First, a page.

By Glenna Shaw
The little things can often mean the difference between a professional and amateur appearance when showing a presentation. This article covers frequently overlooked or underutilized tools in PowerPoint that make the subtle differences between class and crass in a presentation design.
PowerPoint automatically provides the formatting when adding a new slide and allows you to choose from a selection of layouts. These layouts have placeholders for slide items. The advantage of using the layouts is the consistent appearance they provide as well as the auto-sizing of text. In addition, the placeholders are used to create the outline, identification of slides, and summary slides.
When editing or changing a presentation, if you delete a placeholder, you can reapply the appropriate slide layout by clicking on Format, Slide Layout and choosing the appropriate layout for your slide. This is more effective than adding a text box to the slide that you have to edit and resize. You can also make a single change to a placeholder (for example, change the color of your slide title) in the Slide Master and it will automatically apply to all your formatted slides. To learn more about Slide Masters, check out Echo’s tutorials.
Many folks use the line AutoShapes to draw lines from one object to another. Consider instead using connectors. Connectors allow you to be more exact in your placement of lines and attach to the objects being connected. They are especially useful for slides displaying flow charts or organizational charts. To learn more about connectors, see Glen’s tutorial.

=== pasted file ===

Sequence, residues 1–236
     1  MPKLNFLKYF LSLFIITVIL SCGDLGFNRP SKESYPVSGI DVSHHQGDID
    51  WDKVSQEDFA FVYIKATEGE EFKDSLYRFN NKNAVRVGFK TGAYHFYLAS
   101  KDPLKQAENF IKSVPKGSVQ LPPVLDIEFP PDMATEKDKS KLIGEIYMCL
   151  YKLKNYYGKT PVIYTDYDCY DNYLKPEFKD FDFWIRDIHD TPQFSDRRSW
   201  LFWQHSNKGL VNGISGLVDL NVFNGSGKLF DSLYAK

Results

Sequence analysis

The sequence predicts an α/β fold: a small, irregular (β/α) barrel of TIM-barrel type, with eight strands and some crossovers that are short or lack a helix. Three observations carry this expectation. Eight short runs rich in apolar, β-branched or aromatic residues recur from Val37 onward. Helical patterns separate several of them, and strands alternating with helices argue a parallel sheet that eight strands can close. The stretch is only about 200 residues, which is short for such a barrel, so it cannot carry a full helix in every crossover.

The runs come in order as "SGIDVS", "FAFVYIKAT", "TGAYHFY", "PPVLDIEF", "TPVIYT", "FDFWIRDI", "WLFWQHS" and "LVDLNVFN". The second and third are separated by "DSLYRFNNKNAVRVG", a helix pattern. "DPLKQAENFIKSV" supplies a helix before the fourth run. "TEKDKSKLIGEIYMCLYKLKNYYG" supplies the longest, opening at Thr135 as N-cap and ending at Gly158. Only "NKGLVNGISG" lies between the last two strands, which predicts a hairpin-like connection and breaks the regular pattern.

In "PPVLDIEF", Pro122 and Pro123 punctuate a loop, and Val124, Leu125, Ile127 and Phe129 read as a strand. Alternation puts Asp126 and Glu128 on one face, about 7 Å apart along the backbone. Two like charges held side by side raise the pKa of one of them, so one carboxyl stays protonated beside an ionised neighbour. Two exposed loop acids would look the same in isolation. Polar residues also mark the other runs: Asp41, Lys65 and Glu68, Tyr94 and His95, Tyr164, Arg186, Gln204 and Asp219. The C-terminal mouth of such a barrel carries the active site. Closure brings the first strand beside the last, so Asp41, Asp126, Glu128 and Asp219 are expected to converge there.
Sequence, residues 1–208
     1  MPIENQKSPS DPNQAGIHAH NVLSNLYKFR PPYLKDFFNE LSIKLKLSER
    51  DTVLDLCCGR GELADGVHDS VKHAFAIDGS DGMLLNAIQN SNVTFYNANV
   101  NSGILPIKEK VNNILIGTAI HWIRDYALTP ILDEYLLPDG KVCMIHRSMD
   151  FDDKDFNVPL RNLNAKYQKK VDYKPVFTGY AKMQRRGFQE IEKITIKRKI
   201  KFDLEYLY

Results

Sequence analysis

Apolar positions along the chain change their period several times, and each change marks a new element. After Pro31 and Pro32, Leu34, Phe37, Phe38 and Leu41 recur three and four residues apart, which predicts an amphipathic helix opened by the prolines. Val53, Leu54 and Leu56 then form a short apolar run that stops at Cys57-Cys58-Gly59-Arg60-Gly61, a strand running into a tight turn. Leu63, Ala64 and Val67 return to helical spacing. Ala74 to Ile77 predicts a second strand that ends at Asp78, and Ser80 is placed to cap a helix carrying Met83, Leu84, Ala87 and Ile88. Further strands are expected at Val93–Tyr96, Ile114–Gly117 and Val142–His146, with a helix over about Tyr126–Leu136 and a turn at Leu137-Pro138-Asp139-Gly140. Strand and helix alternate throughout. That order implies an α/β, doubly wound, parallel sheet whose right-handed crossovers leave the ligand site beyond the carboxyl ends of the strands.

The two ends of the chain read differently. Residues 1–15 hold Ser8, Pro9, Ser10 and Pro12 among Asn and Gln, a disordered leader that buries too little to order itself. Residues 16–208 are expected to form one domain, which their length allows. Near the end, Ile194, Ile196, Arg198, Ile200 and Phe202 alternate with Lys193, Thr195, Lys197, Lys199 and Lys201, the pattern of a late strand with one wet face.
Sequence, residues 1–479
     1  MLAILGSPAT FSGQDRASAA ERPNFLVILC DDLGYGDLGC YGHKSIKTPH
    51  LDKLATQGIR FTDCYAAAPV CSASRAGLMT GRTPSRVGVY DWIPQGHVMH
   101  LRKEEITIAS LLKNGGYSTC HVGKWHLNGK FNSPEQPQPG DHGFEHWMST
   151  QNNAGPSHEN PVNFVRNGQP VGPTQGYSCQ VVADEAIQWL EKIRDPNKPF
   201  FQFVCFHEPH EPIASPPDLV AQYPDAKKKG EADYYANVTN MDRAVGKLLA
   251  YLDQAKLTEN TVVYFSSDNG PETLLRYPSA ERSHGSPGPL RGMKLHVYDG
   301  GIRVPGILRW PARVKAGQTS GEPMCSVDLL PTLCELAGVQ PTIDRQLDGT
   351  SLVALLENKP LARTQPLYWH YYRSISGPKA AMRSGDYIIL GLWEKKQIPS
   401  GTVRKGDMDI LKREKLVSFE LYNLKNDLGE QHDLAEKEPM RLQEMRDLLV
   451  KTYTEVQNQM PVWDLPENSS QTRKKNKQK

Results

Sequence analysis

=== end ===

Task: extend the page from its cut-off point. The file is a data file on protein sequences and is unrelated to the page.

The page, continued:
The draw toolbar is typically located in the lower left corner of your PowerPoint window. It offers a variety of useful tools.
One of the single most useful tools in PowerPoint. Align and distribute allows you to exactly line up objects on your slide instead of trying to “eyeball” it. Simply select multiple objects on your slide by holding down the shift key while clicking on them. You can then easily align or distribute them equally and exactly.
Once you have your objects aligned the way you want, you can group them together. This allows you to treat the items as a single object. Or you can ungroup items such as clip art to customize them.
Grids and guides are tools that make it easier for you to align items on your slide. Grids and Guides are easily turned off and on by hitting CTRL-G.
Nudge allows you to move selected objects in very small increments. You can also use the left, right, up and down arrows to move objects in larger increments or hold the CTRL key with the arrows to Nudge the objects.
Rotate or flip provides a variety of options for changing the orientation of a selected object. For more exact rotation of a selected object, click on Format, (picture, AutoShape, object), Size and change the rotation by number of degrees.
Reroute connectors allows you to change the connection point of a selected connector. When you place your mouse over one of the red connection points, it will change to a “cross-hair” and you can click and move the connector to a new edit point. You can also reroute the connector simply by clicking on it.
Edit points are used when you create your own shapes using the AutoShapes “squiggly” lines. After you’ve drawn your custom shape, you can use edit points to refine the shape. By right clicking on any edit point, you get a menu of more edit point options. See Glen’s tutorial for more about creating your own shapes.
Allows you to change any existing AutoShape without losing size, position, color, lines, animation, etc. that you’ve already applied.
Makes the attributes (color, line, etc.) of the selected AutoShape the default settings for any new AutoShapes.
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